#DOSTPressReleases: Maya-3 and Maya-4 now flying high as space technology takes up space in the upcoming Science Week
The country is flying high with its aggressive thrust of harnessing the power of space technology by developing microsatellites, cube satellites, and nanosatellites that can be used for various applications.
Maya-3 and Maya-4, the first Philippine university-built cube satellites (CubeSats), are now in orbit after their successful deployment from the International Space Station (ISS) on Wednesday, 06 October 2021. The so-called ‘cousin’ of these two cube satellites is Maya-1 which is the first Filipino cube satellite that was developed under the Philippine Scientific Earth Observation Microsatellite program (PHL-Microsat).
This was jointly implemented by the DOST and the University of the Philippines as part of the Kyushu Institute of Technology-led multinational second Joint Global Multi-Nations Birds Satellite (BIRDS-2). Maya-1’s mission in space included the following: Remote Data Collection by Store-and-Forward (S&F) Mechanism (S&F Mission); Image and Video Capture (CAM Mission), GPS Chip Demonstration (GPS Mission); Detection of an Electronics Circuit Anomaly due to Space Radiation (SEL Mission); and Magnetic Field Measurement in Space using an Anisotropic Magnetoresistance Sensor (AMR-MM Mission). It was released into space on 10 August 2018 via the ISS and was decommissioned on 23 November 2020 after gathering numerous data and images.
Another sibling, the Maya-2, weighing 1.3 kgs was deployed into space on 14 March 2021 with two other cube satellites from Paraguay and Japan, all of which are part of the Kyushu Institute of Technology’s (Kyutech) 4th Joint Global Multi-Nation Birds Satellite (BIRDS-4) Project. To this date, Maya-2 is still hovering above us with the following mission: Remote Data Collection by Store-and-Forward (S&F) Mechanism (S&F Mission); Commercial off-the-shelf (COTS) APRS-Digipeater Payload Demonstration on Cubesat (APRS-DP Mission); Image and Video Capture (CAM mission); Demonstration of active attitude stabilization and control; Testing of Perovskite solar cells in space; Demonstration of CubeSat structure as antenna; Test of Latchup-detection chip; and Test of COTS glue for solar cell attachment.
Maya-3 and Maya-4 both weighs approximately 1.15 kilograms per unit with 10-centimeter cubic frames, these CubeSats have components that are designed to demonstrate nanosatellite-based remote data collection systems and optical imaging. The CubeSats are now moving along an orbit similar to that of the ISS at an altitude of approximately 400 kilometers from Earth.
These latest CubeSats were built under the Space Science and Technology Proliferation through University Partnerships (STeP-UP) project of the STAMINA4Space Program, which is funded by the Department of Science and Technology (DOST), and is implemented by the University of the Philippines Diliman and the DOST-Advanced Science and Technology Institute (ASTI). The nanosatellite development track under the Master of Science (MS) or Master of Engineering (MEng) program of the Electrical and Electronics Engineering Institute of the UP Diliman is also implemented in collaboration with the Kyushu Institute of Technology in Japan and with scholarship support from the Science Education Institute of the DOST.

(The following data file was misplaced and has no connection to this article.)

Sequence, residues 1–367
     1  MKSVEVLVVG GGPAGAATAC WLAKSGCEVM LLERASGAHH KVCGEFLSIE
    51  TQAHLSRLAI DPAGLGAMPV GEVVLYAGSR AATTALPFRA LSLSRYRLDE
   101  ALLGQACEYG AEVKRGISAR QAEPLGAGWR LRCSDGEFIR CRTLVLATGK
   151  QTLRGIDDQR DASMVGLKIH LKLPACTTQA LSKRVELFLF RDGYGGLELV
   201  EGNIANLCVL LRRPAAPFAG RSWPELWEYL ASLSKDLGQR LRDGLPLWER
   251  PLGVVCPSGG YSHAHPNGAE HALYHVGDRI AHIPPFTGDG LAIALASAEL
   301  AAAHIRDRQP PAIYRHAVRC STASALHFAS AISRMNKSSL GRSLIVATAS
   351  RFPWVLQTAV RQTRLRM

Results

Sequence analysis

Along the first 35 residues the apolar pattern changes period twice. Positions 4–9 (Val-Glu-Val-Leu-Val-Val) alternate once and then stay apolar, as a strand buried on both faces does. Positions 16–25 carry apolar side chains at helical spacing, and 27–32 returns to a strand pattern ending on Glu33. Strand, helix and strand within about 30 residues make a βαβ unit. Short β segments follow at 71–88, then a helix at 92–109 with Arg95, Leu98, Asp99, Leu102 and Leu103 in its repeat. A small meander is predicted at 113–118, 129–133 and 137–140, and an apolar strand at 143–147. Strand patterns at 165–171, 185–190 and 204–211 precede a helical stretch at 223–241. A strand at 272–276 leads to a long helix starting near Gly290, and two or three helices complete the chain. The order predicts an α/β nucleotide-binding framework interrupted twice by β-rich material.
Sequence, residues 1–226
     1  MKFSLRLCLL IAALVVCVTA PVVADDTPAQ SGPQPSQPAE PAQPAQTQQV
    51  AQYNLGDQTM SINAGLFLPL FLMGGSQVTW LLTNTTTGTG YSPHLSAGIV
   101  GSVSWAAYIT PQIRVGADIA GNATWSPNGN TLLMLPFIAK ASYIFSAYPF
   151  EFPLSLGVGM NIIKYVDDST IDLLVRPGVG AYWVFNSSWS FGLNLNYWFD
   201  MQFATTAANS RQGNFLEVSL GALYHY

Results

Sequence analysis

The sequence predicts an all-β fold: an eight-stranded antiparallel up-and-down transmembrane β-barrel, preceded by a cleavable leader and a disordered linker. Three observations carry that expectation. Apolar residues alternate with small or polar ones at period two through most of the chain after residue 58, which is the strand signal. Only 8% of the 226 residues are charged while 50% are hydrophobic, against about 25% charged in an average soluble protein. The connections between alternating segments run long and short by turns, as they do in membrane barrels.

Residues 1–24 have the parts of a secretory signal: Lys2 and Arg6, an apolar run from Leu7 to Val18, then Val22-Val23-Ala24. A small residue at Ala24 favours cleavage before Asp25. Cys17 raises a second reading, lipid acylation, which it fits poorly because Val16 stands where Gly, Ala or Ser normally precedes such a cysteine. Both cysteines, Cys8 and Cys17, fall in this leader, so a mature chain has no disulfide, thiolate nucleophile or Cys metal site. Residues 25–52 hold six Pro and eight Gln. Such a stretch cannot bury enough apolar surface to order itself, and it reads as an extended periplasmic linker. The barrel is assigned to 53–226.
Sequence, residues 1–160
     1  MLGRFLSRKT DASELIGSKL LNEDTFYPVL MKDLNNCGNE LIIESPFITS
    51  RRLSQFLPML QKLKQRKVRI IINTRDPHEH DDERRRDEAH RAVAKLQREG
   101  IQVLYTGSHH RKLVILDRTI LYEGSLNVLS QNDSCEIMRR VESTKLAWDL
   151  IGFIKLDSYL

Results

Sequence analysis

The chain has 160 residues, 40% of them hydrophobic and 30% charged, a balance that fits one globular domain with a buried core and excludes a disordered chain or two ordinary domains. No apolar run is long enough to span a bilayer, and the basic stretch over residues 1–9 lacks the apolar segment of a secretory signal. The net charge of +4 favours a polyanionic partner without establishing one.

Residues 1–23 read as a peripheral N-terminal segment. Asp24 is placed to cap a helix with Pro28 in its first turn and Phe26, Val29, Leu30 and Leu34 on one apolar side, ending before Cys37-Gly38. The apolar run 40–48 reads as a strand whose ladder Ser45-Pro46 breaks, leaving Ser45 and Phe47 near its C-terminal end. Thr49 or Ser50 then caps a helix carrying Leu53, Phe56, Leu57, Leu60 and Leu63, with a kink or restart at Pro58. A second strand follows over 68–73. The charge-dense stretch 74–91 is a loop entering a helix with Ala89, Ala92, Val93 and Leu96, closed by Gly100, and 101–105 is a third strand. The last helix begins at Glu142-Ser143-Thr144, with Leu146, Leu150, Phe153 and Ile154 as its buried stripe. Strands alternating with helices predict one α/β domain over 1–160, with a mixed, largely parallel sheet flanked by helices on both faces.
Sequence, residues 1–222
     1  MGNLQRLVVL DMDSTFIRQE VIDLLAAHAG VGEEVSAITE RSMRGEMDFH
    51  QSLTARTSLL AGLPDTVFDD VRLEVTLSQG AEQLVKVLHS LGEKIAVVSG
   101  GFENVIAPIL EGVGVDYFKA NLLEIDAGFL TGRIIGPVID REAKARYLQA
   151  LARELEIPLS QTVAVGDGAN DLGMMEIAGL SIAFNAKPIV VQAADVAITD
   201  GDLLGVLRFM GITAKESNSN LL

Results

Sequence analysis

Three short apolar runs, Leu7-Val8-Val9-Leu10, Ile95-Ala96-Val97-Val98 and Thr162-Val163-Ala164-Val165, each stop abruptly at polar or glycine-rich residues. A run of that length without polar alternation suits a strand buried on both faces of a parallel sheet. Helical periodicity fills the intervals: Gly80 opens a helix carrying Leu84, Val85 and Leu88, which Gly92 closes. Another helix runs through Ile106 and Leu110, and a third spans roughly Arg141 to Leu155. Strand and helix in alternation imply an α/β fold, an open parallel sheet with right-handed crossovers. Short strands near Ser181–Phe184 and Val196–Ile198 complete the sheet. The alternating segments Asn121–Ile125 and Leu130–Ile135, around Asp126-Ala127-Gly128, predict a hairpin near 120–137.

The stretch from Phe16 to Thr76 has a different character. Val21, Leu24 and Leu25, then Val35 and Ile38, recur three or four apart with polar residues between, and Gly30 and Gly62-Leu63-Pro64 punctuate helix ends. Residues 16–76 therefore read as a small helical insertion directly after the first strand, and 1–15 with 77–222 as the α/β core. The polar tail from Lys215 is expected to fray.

Maya-3- and Maya-4 have for their mission as follows: Demonstration of Ground Data Acquisition using Store and Forward (S&F mission); Commercial off-the-shelf (COTS) APRS-Digipeater Payload Demonstration on Cubesat (APRS-DP mission); Image and Video Capture (RGB CAM mission); Demonstration of Near-Infrared camera (NIR CAM mission), for Maya-4 only; GPS Chip Demonstration (GPS mission); Detection of and protection from Single Event Latch-up due to space radiation (SEL mission); and Magnetic Field Measurement in Space using an Anisotropic Magnetoresistance Sensor (AMR-MM mission).
Aside from the many benefits that Maya-3 and Maya-4 bring, the development of these CubeSats provides opportunities for Filipino space scientists and engineers to learn and acquire space technology know-how and gain hands-on experience in satellite development that will eventually uplift local human resource capabilities with the aim of strengthening the country’s space initiatives and programs.
With DOST’s continued support for the development of space science in the country, space technology will be one of the topics in the webinars as one of the highlights of the virtual celebration of the 2021 National Science and Technology Week (NSTW) from 22-28 November 2021. Many other technologies and innovations ranging from agriculture to enterprise development to nuclear science and to artificial intelligence, among others, will be featured with the main theme this year titled, “Agham at Teknolohiya: Tugon sa Hamon ng Panahon”. To know more of and join the different activities, forums, and webinars during the science week, please visit its website at www.nstw.dost.gov.ph.